In 1958, he began conducting orchestras around the world, performing works by 80 other composers as well as his own over the next 20 years. By the mid-’70s, Copland had for all intents and purposes ceased composing. One of the last of his creative accomplishments was the completion of his two-volume autobiography (with musicologist Vivian Perlis), an essential document in understanding the growth of American music in the twentieth century.

AMG Bio – Zubin Mehta

by Joseph Stevenson

Conductor Zubin Mehta was born in Bombay (now Mumbai), Maharashtra state, India on April 29, 1936. He is an adherent of the Parsi religion. His father was Mehli Mehta, a violinist who was the founder and conductor of the Bombay Symphony Orchestra. At the age of 18, after considering a career in medicine, Zubin entered the Vienna Academy of Music, learned to play the double bass in order to join the Academy’s orchestra, and took conducting lessons from Hans Swarowsky. He graduated from the Academy in 1957 and made his professional debut in Vienna, guest conducting the Tonkünstler Orchestra.

In a London appearance in 1961, Mehta became the first Indian to conduct a major British orchestra. A victory in the first international conductors’ competition organized by the Royal Liverpool Philharmonic Orchestra led to a one-year appointment as their assistant conductor. After completing his year-long tenure, Mehta was engaged to conduct the Vienna Philharmonic Orchestra, and made another important and successful guest conducting position with the Philadelphia Orchestra.

Guest appearances with the Montreal and Los Angeles symphonies both led to permanent positions; in 1960 he became music director in Montreal and associate conductor in Los Angeles. Thus Mehta became one of the first of a new breed of conductors sometimes called the “jet set,” who are able to maintain two (or even more) principal conductorships of major orchestras by means of frequently flying between the cities involved.

Mehta’s accomplishments in Los Angeles, where he became musical director in 1962, were particularly striking. In just a few years he was able to turn the lackluster ensemble into one of the nation’s finest orchestras, and, still under 30 years of age when he was appointed, he became the youngest music director of any “major” U.S. orchestra.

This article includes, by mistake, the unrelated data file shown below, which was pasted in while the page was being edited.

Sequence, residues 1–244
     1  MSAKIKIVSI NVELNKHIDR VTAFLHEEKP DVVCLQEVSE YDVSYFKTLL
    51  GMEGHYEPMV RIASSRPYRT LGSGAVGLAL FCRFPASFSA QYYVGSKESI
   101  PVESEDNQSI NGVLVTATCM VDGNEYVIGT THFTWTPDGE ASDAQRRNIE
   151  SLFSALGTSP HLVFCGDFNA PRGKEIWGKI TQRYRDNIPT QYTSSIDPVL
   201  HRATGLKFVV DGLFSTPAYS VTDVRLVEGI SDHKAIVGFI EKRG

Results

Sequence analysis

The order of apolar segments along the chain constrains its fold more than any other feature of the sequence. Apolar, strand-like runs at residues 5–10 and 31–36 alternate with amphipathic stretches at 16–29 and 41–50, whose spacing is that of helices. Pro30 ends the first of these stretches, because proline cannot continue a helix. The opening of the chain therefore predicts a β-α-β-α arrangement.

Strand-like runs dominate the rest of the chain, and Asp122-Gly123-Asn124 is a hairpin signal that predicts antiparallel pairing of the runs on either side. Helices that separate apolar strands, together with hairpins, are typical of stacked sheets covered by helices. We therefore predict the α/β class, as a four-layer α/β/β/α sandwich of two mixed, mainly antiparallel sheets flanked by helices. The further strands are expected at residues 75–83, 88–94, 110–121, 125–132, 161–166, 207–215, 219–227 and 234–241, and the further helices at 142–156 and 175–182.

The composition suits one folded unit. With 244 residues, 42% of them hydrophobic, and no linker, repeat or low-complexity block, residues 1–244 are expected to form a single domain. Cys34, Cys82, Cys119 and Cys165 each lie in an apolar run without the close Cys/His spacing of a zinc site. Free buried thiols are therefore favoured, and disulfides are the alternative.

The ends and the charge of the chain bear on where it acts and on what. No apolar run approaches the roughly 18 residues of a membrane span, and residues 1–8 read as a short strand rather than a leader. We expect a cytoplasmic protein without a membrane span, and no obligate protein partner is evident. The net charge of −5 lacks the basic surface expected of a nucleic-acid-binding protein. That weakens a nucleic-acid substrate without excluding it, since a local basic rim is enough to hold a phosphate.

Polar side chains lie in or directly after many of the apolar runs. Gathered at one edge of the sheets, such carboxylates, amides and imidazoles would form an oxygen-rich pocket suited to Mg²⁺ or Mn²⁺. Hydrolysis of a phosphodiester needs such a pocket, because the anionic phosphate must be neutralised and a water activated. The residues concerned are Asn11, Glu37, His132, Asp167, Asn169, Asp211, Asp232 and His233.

An exuberant, extroverted performer and person, he possessed a genuine star quality; soon, he conducted the orchestra on a notable series of excellent recordings for London (Decca) Records. Mehta made his operatic debut at the Metropolitan Opera in New York on December 29, 1965, and in 1967 he resigned his position in Montreal, and forged a new relationship with the Israeli Philharmonic Orchestra, eventually becoming its chief music adviser in 1970. In 1971 he conducted the Los Angeles Philharmonic on the soundtrack of Frank Zappa’s film 200 Motels.

In 1978 he resigned his Los Angeles post to succeed Pierre Boulez as music director of the New York Philharmonic Orchestra. After the rather ascetic, ultra-modern Boulez, Mehta’s interest in lush Romanticism, and a more traditional repertoire made for a favorable impression, and a long and successful relationship with the orchestra. However, by the time of his resignation in 1991, a little of the bloom had faded from his relationship with the critics, some of whom seemed to be put off by the more “Hollywood” aspects of his style and personality.